The current state of <details>

Content that you can either show or hide is a very common pattern we see and use a lot in websites. At this moment this means you'll have to write some additional code to build this feature, including some JavaScript for the toggling part.
But there's good news: HTML5 provides exactly this feature, without all the hassle. You just need a few lines of HTML and you're good to go.


The details element

Just a quick refresher: the element we’re talking about here is <details>.

As HTML5Doctor explains it:

“There are two relevant elements here: <details> and, optionally, <summary>. <details> is the wrapper for all the content we want to show and hide, and <summary> contains the — well, the summary and title of the section. Technically we don’t need the <summary>. If absent, the browser will use some default text (in Chrome: “details”).”

You can use the open attribute to make the content within details visible by default.

Example (closed)

Toggle me

Very exciting content

Code

<details>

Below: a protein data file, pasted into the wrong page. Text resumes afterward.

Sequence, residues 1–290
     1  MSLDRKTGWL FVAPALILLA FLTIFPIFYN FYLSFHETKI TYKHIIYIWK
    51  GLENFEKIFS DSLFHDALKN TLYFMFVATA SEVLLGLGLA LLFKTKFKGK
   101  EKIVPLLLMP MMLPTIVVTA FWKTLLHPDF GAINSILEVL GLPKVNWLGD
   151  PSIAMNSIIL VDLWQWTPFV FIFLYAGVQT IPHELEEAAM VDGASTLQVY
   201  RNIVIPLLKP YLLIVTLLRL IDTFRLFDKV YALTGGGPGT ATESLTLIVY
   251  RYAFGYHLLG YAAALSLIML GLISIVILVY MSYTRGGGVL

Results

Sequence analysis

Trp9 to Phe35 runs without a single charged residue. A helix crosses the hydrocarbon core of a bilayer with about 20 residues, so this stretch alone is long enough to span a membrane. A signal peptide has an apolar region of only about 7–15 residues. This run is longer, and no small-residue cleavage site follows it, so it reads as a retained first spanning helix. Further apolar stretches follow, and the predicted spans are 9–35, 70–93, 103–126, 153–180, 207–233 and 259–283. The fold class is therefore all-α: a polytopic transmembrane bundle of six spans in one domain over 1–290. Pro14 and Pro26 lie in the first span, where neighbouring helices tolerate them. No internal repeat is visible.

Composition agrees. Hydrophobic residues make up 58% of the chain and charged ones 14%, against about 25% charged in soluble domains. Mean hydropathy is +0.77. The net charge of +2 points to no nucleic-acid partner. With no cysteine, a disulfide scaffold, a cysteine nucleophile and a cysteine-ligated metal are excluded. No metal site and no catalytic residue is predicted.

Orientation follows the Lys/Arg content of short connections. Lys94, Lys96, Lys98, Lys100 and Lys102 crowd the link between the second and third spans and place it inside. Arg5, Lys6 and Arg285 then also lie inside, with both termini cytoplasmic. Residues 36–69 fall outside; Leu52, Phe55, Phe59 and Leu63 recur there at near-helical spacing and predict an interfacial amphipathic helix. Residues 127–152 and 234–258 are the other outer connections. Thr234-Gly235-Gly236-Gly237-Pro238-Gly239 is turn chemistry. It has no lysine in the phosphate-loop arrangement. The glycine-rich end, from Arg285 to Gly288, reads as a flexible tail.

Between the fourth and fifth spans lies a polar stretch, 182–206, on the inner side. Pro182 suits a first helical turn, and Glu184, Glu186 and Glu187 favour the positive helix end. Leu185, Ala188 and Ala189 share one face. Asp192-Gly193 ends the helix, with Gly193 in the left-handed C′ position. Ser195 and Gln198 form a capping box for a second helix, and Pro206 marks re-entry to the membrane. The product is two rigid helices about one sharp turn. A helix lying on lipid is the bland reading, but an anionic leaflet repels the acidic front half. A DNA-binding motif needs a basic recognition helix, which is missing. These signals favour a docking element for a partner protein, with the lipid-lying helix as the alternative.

<summary>Toggle me</summary>
    <p>Very exciting content</p>
</details>

Example (open)

Toggle me

Very exciting content

Code

<details open>
    <summary>Toggle me</summary>
    <p>Very exciting content</p>
</details>

Browser support

Of course, as it usually goes with all things shiny and new, browser support isn’t great. So often we’re feeling held back from using a cool feature like this. In this particular case browser support isn’t that great, but luckily, it isn’t that bad either.

The current state

We went to investigate the current state and here are our findings:

  • Expanding / collapsing isn’t working yet in Internet Explorer and Microsoft Edge. But, you can always use a polyfill.

  • In Internet Explorer and Microsoft Edge, the details element isn’t keyboard accessible by default. But, this can be fixed by applying a tabindex of zero (or a polyfill will take care of this).

  • Firefox, Safari & Chrome do offer keyboard accessibility out of the box.

  • Firefox, Safari & Chrome have no trouble expanding or collapsing the contents.

  • The element can be styled quite easily:

    • You can change color and size of the native arrows
    • You can even make your own arrows, through pseudo-elements or by setting a list-style-image
    • Note: IE needs summary to be set to display: block explicitly
  • If you’d really want, you can create an animation for the expanding or collapsing event. You could animate the max-height for example. Keep in mind that this isn’t a very flexible solution, and this will negatively impact rendering performance as well.


Styled example


So, next time you’re thinking about building an accordeon, it might be worth considering this details element.